Pearce doesn’t break much new ground in terms of fundamental ideas; this book is more of an update of Schumacher’s original. But this actually works well since Schumacher’s ideas seem just as timely now as they did thirty years ago. The issues that this book grapples with – our insatiable appetite for growth, environmental despoilation, and the plight of local communities – have gained a new resonance in recent years.

If you had to boil down Schumacher’s (and Pearce’s) message into a pithy maxim, I think it would be that “Economics was made for man, not man for economics.” Schumacher’s vision was rooted in a view of humankind as having transcendent worth, but also part of an ordered cosmos that has its own beauty and integrity. For Schumacher, much of the problem of conventional economic thinking was that it subordinated the ends of human life to the means of economic production – a complete reversal of the proper order of things.

Pearce sees both cause for worry and celebration in the events that have transpired since Small Is Beautiful was originally published. On the one hand, many of the worrying trends Schumacher identified have only accelerated: neoliberal globalization and its attendant monoculture, skewed theories of development that privilege intensive industrial production and agriculture, and, of course, the worship of centralization and “giantism.” On the other hand, a counter-movement of organic farmers, craft brewers, proponents of local economies, co-ops, and movements for political decentralization have also made a surprising amount of headway.

The underlying premise of Schumacher’s work is that unlimited economic growth in the pursuit of meeting a never-ending stream of consumer demands is “unnatrual” in the deepest possible sense. It goes against the grain of human nature in that it won’t satisfy our deepest longings, and it threatens to destroy the fragile biosphere upon which we and all other life depend. Only a reorientation of our economic and political life toward proper human ends – joy, wisdom, peace – can stave off an ecological disaster.

This view is both radical and conservative in that it requires a massive re-thinking of the political and economic status quo, but does so in the name of a very traditional, even religious, view of human beings and their destiny. Schumacher’s less-known work, A Guide for the Perplexed, actually presents the key to his thought here. His aim in that work was to recover the traditional metaphysical view of humanity and the universe that underlies what Huston Smith calls the “wisdom traditions” of the world. This philosophia perennis stands in stark opposition to the materialism of post-Englightenment modernity.

Pearce, like Schumacher, is a practicing Catholic who combines what we’d call social conservatism with economic positions well to the “left” of most Democrats, much less Republicans. He opposes “free trade” and thinks government policy should favor small businesses and local producers. He takes the issue of climate change and environmental degradation with the utmost seriousness, seeing them as direct consequences of growth-oriented and inequitable economic policy. He excoriates the World Bank and IMF and their regimes of “structural adjustment” programs for developing nations. And he opts for organic farming as the only way to save the land from destruction at the hands of intensive agriculture.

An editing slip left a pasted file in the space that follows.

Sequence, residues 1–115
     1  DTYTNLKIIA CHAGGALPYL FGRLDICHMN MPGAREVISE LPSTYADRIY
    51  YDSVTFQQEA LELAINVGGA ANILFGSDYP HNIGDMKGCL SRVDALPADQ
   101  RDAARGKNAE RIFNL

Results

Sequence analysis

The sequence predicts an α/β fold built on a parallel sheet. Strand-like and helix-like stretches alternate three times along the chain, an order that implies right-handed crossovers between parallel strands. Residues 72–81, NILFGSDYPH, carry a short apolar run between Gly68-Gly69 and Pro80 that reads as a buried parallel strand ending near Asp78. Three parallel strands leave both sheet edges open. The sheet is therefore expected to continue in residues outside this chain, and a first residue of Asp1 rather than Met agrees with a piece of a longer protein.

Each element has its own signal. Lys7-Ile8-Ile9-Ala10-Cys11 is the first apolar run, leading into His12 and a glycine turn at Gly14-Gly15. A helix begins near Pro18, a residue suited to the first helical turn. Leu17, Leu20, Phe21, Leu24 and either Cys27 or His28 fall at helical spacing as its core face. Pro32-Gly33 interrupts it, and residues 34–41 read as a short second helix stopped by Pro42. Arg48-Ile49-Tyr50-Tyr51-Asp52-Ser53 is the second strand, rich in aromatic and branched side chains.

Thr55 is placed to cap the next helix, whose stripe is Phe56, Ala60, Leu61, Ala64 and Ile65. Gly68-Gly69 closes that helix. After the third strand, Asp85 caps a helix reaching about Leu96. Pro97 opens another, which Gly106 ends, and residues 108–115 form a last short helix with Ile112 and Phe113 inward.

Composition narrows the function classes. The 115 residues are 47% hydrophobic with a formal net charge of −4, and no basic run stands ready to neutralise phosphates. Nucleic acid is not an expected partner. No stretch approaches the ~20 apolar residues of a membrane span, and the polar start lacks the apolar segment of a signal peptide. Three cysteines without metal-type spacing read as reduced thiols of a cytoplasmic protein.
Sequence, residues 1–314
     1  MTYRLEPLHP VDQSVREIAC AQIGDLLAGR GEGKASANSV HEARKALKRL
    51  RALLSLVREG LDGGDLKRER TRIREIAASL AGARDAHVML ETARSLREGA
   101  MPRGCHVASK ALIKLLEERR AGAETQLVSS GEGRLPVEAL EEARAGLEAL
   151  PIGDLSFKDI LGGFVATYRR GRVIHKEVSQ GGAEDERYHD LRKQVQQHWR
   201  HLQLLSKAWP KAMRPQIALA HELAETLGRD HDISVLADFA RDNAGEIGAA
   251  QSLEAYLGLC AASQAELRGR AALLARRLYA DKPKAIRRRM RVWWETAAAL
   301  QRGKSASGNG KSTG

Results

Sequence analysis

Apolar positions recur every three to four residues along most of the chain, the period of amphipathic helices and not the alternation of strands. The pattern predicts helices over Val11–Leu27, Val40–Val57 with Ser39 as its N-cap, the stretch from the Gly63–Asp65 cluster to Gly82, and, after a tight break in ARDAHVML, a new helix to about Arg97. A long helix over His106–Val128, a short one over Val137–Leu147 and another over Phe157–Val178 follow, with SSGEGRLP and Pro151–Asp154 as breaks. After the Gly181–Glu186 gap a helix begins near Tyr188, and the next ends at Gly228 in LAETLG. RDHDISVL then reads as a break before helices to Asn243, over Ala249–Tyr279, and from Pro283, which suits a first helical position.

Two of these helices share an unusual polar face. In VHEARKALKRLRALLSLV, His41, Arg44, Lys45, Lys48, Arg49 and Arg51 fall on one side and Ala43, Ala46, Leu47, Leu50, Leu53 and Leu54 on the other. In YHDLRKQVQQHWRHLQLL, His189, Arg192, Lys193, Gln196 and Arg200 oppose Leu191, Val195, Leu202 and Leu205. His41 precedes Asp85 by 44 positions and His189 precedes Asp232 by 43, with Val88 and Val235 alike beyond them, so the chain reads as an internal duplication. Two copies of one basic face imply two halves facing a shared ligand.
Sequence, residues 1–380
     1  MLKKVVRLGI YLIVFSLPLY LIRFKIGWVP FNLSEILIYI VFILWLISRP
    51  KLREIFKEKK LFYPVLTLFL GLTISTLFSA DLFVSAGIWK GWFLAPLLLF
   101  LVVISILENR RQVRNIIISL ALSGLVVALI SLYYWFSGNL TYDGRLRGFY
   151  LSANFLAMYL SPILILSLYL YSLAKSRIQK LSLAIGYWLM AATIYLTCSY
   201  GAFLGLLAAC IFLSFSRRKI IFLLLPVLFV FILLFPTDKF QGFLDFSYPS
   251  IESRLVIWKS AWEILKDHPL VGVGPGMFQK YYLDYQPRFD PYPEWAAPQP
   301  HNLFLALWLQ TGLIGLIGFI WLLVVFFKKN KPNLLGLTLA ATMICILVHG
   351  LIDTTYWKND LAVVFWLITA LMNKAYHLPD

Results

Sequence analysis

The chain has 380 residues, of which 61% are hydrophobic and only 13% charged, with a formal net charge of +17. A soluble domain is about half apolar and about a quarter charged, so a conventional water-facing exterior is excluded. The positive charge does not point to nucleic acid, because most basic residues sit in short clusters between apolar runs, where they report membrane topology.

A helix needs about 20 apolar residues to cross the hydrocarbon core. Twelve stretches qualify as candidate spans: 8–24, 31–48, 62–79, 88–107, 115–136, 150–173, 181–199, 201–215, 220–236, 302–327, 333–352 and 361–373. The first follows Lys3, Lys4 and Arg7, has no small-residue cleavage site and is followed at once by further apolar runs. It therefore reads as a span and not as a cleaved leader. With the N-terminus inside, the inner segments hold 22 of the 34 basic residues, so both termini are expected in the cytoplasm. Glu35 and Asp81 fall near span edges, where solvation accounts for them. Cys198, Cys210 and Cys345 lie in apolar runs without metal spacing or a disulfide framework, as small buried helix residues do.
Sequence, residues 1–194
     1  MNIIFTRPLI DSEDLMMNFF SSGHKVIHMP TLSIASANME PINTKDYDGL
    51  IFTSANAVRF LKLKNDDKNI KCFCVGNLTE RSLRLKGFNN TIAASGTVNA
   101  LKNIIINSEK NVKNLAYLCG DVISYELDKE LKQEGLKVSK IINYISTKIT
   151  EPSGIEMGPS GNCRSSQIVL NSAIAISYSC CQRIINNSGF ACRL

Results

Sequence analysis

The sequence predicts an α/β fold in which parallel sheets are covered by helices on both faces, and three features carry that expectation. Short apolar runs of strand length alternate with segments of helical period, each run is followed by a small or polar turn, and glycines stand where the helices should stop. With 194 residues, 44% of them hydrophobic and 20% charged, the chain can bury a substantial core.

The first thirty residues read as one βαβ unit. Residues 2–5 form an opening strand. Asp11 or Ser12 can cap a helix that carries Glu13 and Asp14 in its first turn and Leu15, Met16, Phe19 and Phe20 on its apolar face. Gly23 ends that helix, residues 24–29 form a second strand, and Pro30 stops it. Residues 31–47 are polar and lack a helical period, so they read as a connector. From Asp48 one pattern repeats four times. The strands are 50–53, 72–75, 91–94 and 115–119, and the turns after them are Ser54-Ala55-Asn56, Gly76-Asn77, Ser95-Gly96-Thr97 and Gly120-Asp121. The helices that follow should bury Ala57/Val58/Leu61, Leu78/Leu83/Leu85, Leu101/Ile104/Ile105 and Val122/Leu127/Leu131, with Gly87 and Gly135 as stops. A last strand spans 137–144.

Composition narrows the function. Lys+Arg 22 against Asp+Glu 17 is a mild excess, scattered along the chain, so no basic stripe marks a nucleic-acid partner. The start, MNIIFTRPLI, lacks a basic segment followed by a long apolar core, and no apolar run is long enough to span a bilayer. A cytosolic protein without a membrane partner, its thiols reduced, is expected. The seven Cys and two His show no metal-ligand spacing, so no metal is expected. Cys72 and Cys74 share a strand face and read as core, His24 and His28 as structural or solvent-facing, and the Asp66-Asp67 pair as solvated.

Somewhat confusingly, and despite the subtitle, Pearce says little directly about families. There are a few asides about the ways in which market capitalism breaks up social bonds, leaving atomized individuals in its wake. But very little is said about how families in particular are affected. For instance, it seems to me that Pearce could’ve made a lot of hay out of the way that our current economic practices force parents to work long hours, depriving them of the opportunities to spend time with their children as well as to participate in their communities.

I have to say that this book likely won’t convince anyone who isn’t already at least somewhat familiar with and somewhat sympathetic to Schumacher’s original arguments. But Pearce has done us a service even if the only effect of his book is to send people (particularly the more conservative-leaning people likely to read this) back to Schumacher’s original works. And beyond that, it’s nice to see Schumacherian principles applied to the current scence, giving us a picture of their continuing relevance.

P.S.
Dear Publishers: I would be happy to review books like this when they come out instead of waiting till they’re available at the library. Please feel free to send review copies. 😉

How much of a planet-wrecking consumerist are you?

Find out with this fun quiz a friend of mine sent me.

My score was 2.5, which means it would take 2.5 earths to support everyone in the lifestyle to which I’ve become accustomed.

I scored the worst on food (6 earths!), which I think may have something to do with the superhuman amounts of coffee I consume.